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Home » What's New » Keep Your Eyes Halloween Safe: Decorative Contact Lenses Can Harm Your Eyes

Keep Your Eyes Halloween Safe: Decorative Contact Lenses Can Harm Your Eyes


We all know why we need to wear sunglasses and sunscreen in the summer. Winter, however, can be deceiving. It's an illusion to assume that we are safe from sunburns during the colder season.

Snow acts as a powerful mirror for sunlight and magnifies the effects of UV rays which would otherwise be absorbed by the ground. As a result, the eyes are exposed to both the UV radiation bouncing back from the snowy carpet and the rays shining down directly from the sun.

If your family is skiing or snowboarding up in the mountains, you need to be even more careful! UV rays are more powerful at higher altitudes. Another important factor to remember is that ultraviolet radiation penetrates through clouds, so even if the sun is hidden behind them, it can still damage your eyes.

Prevent overexposure to sunlight by wearing sunglasses that absorb at least 95% of ultraviolet radiation when you go outside, no matter what time of year it is. Even though you want to look great in your shades, the most important part of choosing sunglasses is making sure they provide adequate protection against UV. Make sure the lenses are 100% UV blocking by looking for an indication that they block all light up to 400 nanometers - UV400. The good news is you don't necessarily have to pay more for full coverage for your eyes. Dozens of reasonably priced options exist that still provide total ultraviolet protection.

Another important factor in selecting sun wear is the size of the lenses. You want to make sure your glasses cover as much of the area around your eyes as possible. The more coverage you have, the less harmful radiation will be able to penetrate. Lenses that wrap around the temples will also prevent UV waves from entering from the sides.

If you like to ski or frolic in the snowy hills, you should be aware that the sun's rays are stronger at higher elevations, so you need to be especially careful to keep your eyes shaded on the slopes. In addition to sunglasses, it's a good idea to put on a wide brimmed hat that covers your eyes.

Make a point to be knowledgeable about proper eye protection throughout the year. Don't forget to wear your sunglasses.


With the fall comes Halloween and with that, costumes. As a consumer, you want to know of certain hazards to your eyes and vision that sometimes put a damper on the fun and games.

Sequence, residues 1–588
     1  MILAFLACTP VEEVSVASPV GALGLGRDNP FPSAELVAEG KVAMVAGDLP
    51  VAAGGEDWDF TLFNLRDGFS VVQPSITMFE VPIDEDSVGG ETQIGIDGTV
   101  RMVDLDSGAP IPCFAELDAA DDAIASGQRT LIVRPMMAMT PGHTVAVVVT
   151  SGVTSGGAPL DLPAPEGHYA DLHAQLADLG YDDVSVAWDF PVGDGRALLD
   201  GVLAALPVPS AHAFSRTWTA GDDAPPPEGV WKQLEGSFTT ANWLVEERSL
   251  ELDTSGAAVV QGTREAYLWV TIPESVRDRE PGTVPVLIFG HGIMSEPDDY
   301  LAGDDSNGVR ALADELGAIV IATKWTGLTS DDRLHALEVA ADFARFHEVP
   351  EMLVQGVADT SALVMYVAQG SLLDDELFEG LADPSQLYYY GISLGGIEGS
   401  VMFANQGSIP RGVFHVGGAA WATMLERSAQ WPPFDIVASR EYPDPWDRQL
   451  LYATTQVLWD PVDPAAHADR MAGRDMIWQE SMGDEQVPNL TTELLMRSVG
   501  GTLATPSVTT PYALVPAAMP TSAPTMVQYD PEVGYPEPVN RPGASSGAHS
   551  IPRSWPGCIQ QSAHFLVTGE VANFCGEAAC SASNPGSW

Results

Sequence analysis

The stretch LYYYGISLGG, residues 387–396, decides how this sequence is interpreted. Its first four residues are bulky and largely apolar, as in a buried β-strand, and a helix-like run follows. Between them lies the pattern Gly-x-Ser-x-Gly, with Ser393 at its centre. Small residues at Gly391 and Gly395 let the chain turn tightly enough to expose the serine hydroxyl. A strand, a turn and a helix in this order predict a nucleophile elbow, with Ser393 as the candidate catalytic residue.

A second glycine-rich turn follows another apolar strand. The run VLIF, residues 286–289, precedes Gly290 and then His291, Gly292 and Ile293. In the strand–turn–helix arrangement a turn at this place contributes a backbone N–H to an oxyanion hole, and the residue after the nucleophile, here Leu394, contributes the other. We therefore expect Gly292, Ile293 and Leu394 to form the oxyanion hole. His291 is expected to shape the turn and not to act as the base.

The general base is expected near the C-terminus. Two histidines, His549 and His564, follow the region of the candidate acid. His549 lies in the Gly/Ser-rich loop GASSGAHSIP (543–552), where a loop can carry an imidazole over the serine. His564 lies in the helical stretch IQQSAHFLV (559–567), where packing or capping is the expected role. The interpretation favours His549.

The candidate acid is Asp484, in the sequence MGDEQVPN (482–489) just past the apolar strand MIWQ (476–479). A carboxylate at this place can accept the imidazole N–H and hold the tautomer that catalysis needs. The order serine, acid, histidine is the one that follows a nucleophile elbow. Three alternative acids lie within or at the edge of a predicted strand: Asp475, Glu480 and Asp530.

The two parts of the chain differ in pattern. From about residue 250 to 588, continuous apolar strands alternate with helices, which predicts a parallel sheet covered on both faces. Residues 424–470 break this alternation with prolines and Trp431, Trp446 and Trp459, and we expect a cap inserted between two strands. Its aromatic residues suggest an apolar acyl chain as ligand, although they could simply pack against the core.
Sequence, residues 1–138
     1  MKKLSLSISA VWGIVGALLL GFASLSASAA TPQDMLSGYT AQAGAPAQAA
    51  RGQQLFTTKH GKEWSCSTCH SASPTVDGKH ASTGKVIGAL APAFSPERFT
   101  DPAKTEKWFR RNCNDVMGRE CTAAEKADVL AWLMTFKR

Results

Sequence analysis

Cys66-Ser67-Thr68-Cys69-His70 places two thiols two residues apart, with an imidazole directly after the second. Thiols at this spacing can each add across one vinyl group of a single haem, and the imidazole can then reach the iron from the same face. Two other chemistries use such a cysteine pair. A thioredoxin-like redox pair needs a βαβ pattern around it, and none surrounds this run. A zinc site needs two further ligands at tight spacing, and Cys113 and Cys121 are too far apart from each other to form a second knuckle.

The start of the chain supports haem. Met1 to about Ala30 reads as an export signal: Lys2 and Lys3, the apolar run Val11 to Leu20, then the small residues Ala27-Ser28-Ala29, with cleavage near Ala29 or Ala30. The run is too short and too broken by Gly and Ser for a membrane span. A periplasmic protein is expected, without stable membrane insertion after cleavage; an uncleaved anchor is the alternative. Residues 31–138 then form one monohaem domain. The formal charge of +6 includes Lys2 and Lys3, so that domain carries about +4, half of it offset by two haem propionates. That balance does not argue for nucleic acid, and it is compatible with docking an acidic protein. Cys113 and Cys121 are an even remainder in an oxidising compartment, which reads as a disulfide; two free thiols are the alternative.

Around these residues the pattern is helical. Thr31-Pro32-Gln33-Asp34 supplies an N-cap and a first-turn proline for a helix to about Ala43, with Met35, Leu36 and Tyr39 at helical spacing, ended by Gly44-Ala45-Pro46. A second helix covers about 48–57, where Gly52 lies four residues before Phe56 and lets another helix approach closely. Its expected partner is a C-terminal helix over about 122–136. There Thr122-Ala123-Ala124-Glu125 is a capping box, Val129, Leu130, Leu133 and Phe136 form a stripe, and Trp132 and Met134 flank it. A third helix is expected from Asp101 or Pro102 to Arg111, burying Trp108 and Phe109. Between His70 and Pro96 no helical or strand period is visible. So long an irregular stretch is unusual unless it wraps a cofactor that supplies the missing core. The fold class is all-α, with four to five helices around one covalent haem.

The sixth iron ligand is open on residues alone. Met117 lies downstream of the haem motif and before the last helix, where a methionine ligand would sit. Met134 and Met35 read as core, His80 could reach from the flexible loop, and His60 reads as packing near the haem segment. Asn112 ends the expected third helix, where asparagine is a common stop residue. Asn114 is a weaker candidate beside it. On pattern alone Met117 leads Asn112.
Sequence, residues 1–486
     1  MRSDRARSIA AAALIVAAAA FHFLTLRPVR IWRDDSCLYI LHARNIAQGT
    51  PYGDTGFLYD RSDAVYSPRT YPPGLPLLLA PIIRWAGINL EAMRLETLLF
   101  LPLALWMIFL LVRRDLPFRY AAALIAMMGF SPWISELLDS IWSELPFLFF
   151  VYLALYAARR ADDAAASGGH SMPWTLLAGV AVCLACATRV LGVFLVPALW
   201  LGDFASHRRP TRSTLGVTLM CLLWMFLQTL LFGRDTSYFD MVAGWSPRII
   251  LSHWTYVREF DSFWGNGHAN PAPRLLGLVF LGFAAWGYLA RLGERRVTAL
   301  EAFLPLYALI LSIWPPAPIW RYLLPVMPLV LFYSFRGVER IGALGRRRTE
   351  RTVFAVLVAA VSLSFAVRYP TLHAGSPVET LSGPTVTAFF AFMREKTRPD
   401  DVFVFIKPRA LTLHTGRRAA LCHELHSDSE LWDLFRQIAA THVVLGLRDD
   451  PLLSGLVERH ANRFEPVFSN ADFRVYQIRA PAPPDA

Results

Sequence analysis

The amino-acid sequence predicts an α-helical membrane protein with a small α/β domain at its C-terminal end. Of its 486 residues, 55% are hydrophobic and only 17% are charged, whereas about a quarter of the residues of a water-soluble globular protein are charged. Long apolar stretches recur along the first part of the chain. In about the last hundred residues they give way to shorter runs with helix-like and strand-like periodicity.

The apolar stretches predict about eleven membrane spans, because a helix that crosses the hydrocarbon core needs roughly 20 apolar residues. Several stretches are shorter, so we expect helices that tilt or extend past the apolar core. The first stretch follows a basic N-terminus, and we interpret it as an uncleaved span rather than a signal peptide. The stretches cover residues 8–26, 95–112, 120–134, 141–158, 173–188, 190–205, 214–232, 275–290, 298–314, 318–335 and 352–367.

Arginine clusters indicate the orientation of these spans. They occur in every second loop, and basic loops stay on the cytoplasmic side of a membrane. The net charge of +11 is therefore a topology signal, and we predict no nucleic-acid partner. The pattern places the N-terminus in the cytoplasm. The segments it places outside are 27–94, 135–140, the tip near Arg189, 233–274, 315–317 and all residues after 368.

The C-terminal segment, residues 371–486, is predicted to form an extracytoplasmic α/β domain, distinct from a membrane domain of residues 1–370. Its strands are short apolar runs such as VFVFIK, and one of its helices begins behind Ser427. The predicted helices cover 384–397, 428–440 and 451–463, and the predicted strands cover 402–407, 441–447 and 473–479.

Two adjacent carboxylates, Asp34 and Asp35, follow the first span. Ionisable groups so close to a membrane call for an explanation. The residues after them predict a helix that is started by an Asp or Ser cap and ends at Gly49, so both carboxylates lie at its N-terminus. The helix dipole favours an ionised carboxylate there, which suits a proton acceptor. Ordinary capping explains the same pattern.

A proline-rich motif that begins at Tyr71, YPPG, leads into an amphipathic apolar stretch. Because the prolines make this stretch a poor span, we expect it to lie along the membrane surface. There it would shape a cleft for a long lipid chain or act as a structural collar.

A popular costume accessory in recent years has been special effect contact lenses and this is alarming optometrists. Contact lenses are a medical device regulated by the FDA. It is against the law to sell contact lenses without a license which is applicable to costume and party stores, however obviously the laws are not adhered to. Unlicensed manufacturers may use subpar materials or even toxic dyes to color the contacts. Additionally, wearing contacts without adequate fitting and care, can result in significant eye damage such as infection, abrasion or even vision loss.

For those who do decide to use special-effect contacts, it is essential to make an exam appointment with your optometrist first. After a comprehensive eye exam, the optometrist will be able to recommend a lens that fits well and is safe for your eyes. The eye doctor will also give necessary guidance on how to properly insert, remove and care for contacts.

Although many people incorrectly view vanity contacts as just another cosmetic item, unhygienic use of lenses can result in serious danger to your eyes and vision. Nothing should ever be put on or near the eye without guidance from a professional.

Only buy lenses from an authorized seller that you can be sure sells products approved by the FDA. Non-corrective lenses must also be regulated and require a proper prescription. Beware of websites, flea markets or party supply stores that may sell homemade products tinted with unapproved materials. To determine if the store is licensed to sell lenses ask for their state license number and call the state Department of Professional Regulations (DPR) to check.

If your costume just won't be the same without special effect contact lenses, consult with your trusted optical store before making any purchase. Don't let Halloween be a "frightful" night for your eyes. Be aware of the dangers unregulated contact use can be to your eyes.